Tag Archives: prayer

A Prayer Called “Krishna’s Flute” (What Is Devotion?)

Krishna and RadhaThis is a picture of a vintage print. It is from my personal collection and hangs on the wall in my meditation room. The actual size is 18″ by 18.” It depicts the Hindu God, Krishna and his beloved, Radha. He stands behind her, seducing her with the enchanting sounds of his flute. Yet she looks away. Why?

Krishna the Amorous
All the girls in Krishna’s town of Brindavan, loved Krishna. Upon catching a distant high-pitched note or two from his flute, carried by the wind, through the open windows of their homes, the cowherding girls would escape into the night to follow him. He was irresistible and delightfully mischievous. For example, he would hide the clothes that they had hanging to dry—anything to rouse them into play. They would suddenly find themselves overtaken by an unbearable need to follow him, along the river and through the forests, and where ever he may lead them. As his notes transformed into the most delicious melodies, they would lose themselves in irrepressible bliss. And they would all dance together in mutual joy and delight.

Heartbreak & Longing
Because everyone loved Krishna so much, it was unendurable to withstand his absence. And so, whenever he would leave the village for any reason, his beloveds, especially his most adored Radha, would ache from the pain of his separation.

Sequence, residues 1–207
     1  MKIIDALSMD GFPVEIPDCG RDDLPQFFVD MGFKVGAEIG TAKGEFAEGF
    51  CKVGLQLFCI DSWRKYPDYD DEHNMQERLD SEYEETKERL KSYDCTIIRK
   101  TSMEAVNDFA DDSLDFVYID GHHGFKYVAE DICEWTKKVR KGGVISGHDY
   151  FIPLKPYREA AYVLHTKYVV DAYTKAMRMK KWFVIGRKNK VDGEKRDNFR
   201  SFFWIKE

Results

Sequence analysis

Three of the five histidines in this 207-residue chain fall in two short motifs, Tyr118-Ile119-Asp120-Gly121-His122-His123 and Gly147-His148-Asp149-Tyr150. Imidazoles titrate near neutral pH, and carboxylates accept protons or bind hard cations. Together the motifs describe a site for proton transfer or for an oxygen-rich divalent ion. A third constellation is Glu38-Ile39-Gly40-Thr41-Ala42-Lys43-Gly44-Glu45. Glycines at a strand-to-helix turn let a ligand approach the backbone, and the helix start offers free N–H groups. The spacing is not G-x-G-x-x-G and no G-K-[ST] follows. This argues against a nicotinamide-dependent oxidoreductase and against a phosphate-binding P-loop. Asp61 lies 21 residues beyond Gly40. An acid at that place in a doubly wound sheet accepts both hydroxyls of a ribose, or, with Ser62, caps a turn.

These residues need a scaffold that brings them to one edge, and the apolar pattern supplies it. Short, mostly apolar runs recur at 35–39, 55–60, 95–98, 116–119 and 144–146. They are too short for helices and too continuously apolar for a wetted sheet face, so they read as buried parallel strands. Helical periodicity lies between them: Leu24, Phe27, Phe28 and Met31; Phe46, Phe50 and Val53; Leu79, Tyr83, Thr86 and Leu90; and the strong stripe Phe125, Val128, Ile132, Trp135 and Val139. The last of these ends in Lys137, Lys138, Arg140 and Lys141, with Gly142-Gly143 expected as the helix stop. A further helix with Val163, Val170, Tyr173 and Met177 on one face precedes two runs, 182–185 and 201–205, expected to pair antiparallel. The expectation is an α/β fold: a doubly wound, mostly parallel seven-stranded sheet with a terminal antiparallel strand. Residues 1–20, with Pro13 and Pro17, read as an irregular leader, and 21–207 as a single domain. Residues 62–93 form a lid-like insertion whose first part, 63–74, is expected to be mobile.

Merging
Their sadness and despair were inconsolable until they realized that his love was within themselves, all the while. He was never separate, at all! With his song, He led their souls to Spirit. This is why Radha looks away. She is in the ecstacy and bliss of divine communion—a love so great, so pure and so all-encompassing that it is beyond the confinement of the body of her lover.

The Role of Krishna
To borrow a phrase from Paramahansa Yogananda, each spiritual path is part of an all-encompassing “divine highway,” leading to union with our true Self. Each path invites us into the stillness of the sacred space that lies within—the wordless tranquility that emerges when we quiet the noise. The challenge is always the same, no matter how we refer to it—to become empty like the hollow reed Krishna brings to his lips. To become empty of resentment and distrust. To transform ourselves into a clean and beautiful vessel fit to receive God’s light. (Would you want to live in a dirty house?)

Just as Krishna’s breath blows softly through his flute, Spirit expresses itself through our selfless surrender to the divine will. Here is a prayer I wrote, as a gift to you, that you may use to give voice to this inner longing and purpose, if you find it helpful:

Prayer: “Krishna’s Flute”
Oh, that I may become like Krishna’s flute—an instrument for the melody of divine song…Oh, that I may see through your eyes, hear through your ears and know through your heart…Oh, that I may vibrate at such a high frequency that my absorption with the infinite becomes inevitable…Oh, that I may recognize in my heart and in every cell of my being, the spark of divinity…Oh, that I may see through my temporary role in this grand play and know that I am really an eternal soul—and that I am perfect, as I am…Oh, that I may have the courage to live as a witnessing consciousness, disabused, finally, of my illusions as a do-er.